Felix DePaula was an Army private stationed at the Trinity Site and Los Alamos during the Manhattan Project. After the war, DePaula stayed at Los Alamos, and worked for the Zia Company there. In this interview, DePaula talks about life at Trinity Site, especially the isolation and the entertainment he and his fellow soldiers would come up with to pass the time. He describes the rodeos the military police would help set up. DePaula also witnessed the Trinity test, and talks about the feeling among the troops after seeing the detonation. He also recalls the high security at the gates to Los Alamos.
W. Stanley Hall was eighteen years old when he was recruited to work as a machinist on the cyclotron, first at Princeton University and later at the Los Alamos Laboratory. He worked at Los Alamos as a civilian, then later was drafted and worked as part of the Special Engineer Detachment (SED). In this interview, he describes both his work and recreational experiences during the Manhattan Project. He witnessed the Trinity Test from a location ten miles away. Hall describes hearing “The Star Spangled Banner” play over the radio at the moment of the Trinity Test and the color and the noise of the explosion. Hall also talks about taking advantage of the hiking, fishing, and horseback riding opportunities around him, including some trouble he encountered walking Kitty Oppenheimer’s horse. He provides an overview of his forty-year-long career at Los Alamos National Laboratory, where he worked for the computing group.
John Manley was a nuclear physicist who worked for the Manhattan Project from its early days. In this interview with Martin Sherwin, Manley recalls being impressed by George Kennan and Omar Bradley’s testimony before the Atomic Energy Commission. He also discusses the contributions to the project and personalities of General Kenneth Nichols, General Leslie Groves, and Peer de Silva. He also explains the founding of Los Alamos and and reflects on Oppenheimer’s transition into the “great administrator.”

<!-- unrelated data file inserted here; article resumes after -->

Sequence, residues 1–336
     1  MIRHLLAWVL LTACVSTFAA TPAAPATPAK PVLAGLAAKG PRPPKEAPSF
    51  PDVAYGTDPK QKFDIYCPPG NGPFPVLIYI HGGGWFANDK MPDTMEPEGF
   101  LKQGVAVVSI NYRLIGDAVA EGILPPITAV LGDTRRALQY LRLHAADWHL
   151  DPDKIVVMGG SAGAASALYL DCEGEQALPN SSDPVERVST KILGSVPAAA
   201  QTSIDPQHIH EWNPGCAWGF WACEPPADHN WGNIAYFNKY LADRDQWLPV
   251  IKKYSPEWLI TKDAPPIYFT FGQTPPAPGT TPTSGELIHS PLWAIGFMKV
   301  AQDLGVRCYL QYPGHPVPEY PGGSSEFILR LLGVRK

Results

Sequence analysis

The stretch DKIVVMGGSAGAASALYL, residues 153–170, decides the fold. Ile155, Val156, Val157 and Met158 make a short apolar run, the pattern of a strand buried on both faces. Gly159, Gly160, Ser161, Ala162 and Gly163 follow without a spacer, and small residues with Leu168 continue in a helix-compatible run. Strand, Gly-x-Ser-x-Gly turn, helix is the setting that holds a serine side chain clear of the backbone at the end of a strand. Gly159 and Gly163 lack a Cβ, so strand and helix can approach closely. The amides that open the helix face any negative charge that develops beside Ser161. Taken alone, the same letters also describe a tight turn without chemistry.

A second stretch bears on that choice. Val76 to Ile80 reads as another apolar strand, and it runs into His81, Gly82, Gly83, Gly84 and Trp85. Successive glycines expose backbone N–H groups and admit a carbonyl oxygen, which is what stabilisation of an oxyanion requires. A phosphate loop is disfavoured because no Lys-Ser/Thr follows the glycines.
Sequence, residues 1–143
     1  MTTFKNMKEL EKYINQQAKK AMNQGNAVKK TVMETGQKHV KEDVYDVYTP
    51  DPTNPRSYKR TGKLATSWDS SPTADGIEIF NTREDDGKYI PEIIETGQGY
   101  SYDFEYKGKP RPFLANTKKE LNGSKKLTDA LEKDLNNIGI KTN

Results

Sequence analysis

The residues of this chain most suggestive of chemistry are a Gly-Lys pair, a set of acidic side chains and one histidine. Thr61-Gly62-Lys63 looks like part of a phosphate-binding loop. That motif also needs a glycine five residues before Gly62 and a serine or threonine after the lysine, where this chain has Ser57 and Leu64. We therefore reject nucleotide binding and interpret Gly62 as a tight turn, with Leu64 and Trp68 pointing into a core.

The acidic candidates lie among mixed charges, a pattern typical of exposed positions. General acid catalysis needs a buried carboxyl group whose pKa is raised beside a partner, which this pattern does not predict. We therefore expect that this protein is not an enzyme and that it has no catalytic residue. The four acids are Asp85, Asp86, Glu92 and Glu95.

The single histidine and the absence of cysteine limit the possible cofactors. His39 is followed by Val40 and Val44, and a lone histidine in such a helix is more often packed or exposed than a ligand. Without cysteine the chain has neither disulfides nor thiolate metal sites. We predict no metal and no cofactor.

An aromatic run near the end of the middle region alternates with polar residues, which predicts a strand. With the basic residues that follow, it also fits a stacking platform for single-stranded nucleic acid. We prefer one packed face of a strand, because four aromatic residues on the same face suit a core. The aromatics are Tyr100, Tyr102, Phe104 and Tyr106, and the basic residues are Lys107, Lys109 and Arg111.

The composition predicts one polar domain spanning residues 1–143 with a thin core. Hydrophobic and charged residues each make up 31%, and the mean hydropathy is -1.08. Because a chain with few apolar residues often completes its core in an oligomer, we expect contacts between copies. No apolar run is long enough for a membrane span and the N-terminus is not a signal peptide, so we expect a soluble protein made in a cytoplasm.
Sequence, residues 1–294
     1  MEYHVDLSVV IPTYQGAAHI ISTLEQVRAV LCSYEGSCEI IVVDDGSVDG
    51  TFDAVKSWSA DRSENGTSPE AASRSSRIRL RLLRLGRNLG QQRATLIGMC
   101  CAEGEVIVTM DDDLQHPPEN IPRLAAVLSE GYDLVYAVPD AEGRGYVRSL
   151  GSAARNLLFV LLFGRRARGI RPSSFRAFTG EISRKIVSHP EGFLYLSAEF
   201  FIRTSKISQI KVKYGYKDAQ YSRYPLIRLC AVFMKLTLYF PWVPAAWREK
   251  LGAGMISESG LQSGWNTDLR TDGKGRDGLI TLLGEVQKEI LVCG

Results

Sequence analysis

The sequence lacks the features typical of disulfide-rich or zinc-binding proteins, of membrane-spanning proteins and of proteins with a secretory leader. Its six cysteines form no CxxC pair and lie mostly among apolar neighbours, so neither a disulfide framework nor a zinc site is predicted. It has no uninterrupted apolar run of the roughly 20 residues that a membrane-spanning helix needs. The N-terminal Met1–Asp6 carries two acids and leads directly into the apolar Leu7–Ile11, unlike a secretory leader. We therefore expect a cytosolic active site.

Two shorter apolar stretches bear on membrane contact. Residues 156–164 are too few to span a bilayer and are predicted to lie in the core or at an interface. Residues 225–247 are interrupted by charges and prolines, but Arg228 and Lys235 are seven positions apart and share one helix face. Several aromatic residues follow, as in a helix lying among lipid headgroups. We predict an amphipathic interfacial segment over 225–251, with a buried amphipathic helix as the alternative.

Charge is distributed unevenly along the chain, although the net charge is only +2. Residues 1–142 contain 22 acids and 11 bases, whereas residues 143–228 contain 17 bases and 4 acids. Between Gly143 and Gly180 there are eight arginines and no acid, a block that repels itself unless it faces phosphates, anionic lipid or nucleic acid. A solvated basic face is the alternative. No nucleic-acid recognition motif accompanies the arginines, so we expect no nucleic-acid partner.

Louis Hempelmann worked as a doctor at Los Alamos during the Manhattan Project and was close friends with J. Robert Oppenheimer. In this interview, he discusses the other doctors at Los Alamos and their roles, including his own occasional role as anesthetist. He recalls visiting a radium dial plant in Boston to observe how the company protected its workers from radiation, and how they adopted similar practices at Los Alamos.
Louis Hempelmann was J. Robert Oppenheimer’s physician and close friend. In this interview, he discusses the hierarchy at Los Alamos, what it was like to work with Kitty Oppenheimer, and Kitty and Robert’s relationship. He recalls his interactions with Oppie, Enrico and Laura Fermi, and Edward Teller, and the parties that Oppenheimer and others used to throw at Los Alamos. Hempelmann remembers driving to Trinity Site with George Kistiakowsky and the high explosives—on Friday the 13th.
Edwin and Elsie McMillan were among the first people to arrive at Los Alamos. Edwin, who would go on to win the Nobel Prize in Chemistry, was involved in the initial selection of Los Alamos. In this lecture, Edwin describes visiting Jemez Springs and Los Alamos when he, Oppenheimer, and General Groves were deciding on the site for the weapons laboratory. McMillan also discusses his involvement in implosion research, the gun program, and recruiting scientists including Richard Feynman to the project at Princeton University. He also remembers requisitioning Harvard’s cyclotron for the Manhattan Project.